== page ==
Block on Trump's Asylum Ban Upheld by Supreme Court
The Fourth Circuit Court of Appeals is hearing arguments today on the Coast Guard’s appeal of a District Court’s ruling to free a Maltese coal ship that has been detained since April 19, 2013.
The detention stemmed from alleged environmental violations resulting in charges of conspiracy, obstruction of justice and falsification of records. How did the Coast Guard come to these conclusions? Via a crewmember, of course. It must be the year of the whistleblower.
On April 14, 2013, the Maltese coal Ship loaded at Lamberts Point Terminal in Norfolk and when the Coast Guard ran a routine inspection a crewmember secretly informed the inspector of environmental violations. The Associated Press reports that the crewmember reported that the vessel's water separator was bypassed and that oily bilge water had been dumped overboard. The note also included photos to back up his claims and he led inspectors to physical evidence.
Five days later, on April 19, the Maltese coal ship's clearance was withheld, and the ship has remained at the Portsmouth Marine Terminal while the case is making its way through the judicial system. More than two-months later, the ship is still tied up there.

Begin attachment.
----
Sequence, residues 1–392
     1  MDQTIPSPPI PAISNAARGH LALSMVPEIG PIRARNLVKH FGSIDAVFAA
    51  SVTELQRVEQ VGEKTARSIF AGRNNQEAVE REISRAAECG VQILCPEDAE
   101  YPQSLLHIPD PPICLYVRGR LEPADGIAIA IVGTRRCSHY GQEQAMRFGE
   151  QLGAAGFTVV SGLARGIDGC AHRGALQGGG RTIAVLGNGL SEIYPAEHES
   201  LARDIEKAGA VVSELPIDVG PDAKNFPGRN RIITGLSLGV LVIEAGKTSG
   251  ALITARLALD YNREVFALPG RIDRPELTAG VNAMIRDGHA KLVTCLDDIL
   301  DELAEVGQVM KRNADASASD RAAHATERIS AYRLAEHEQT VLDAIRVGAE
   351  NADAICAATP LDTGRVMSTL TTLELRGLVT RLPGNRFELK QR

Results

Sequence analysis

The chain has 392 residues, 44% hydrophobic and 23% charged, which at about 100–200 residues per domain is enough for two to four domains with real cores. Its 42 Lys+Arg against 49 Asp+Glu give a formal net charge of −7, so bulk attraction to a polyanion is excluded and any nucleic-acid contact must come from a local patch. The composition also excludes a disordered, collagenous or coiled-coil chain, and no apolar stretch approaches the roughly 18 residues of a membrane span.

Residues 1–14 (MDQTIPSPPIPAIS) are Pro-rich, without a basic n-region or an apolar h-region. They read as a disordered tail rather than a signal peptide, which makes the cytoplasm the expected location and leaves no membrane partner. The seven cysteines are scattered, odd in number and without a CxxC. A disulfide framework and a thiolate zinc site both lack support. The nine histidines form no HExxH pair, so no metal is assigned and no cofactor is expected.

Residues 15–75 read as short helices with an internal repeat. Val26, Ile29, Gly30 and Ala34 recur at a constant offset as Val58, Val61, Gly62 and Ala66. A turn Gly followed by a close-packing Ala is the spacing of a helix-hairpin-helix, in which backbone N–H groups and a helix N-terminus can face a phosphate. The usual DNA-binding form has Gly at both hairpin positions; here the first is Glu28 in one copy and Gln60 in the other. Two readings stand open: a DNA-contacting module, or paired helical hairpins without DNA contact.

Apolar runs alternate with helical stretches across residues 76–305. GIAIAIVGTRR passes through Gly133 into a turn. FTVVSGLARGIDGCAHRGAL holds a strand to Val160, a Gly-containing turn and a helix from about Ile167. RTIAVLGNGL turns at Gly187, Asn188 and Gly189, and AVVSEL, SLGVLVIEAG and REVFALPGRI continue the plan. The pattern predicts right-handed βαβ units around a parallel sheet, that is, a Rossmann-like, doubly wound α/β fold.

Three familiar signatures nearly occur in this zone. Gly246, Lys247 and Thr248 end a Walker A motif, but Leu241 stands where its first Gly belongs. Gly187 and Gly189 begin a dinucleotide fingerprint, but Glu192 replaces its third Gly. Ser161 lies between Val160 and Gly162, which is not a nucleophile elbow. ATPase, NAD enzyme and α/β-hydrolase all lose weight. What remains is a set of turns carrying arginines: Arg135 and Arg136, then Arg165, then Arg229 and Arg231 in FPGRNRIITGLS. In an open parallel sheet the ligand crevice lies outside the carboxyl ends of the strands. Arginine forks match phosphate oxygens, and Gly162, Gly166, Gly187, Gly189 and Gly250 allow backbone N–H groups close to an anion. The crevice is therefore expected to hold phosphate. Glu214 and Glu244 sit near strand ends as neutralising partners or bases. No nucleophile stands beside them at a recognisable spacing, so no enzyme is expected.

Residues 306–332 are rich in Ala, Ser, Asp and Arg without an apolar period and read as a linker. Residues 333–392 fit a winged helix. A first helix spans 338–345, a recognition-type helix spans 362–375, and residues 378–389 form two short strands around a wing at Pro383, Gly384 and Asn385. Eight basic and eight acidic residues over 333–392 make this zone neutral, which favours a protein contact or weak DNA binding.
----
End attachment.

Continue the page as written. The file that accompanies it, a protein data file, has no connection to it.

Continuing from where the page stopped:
So what's the hold up? We're not sure.
In May, U.S. District Judge Robert Doumar lambasted the federal government stating:
In more than thirty years on the bench, this Court can recall seeing no greater disregard for due process, nor any more egregious abdication of the reasonable exercise of discretion.
Pretty harsh words from the bench. Not only that, but Judge Doumar steamrolled the federal government by ordering the Maltese coal ship freed for half of what the Coast Guard demanded -- a mere $1.5 million bond.
The Fourth Circuit Court of Appeals is based in Richmond, Va., however sometimes it hears cases, in other areas of its jurisdiction, in this case Lewisburg. The Maltese coal ship is finally getting its day in court -- it's full steam ahead!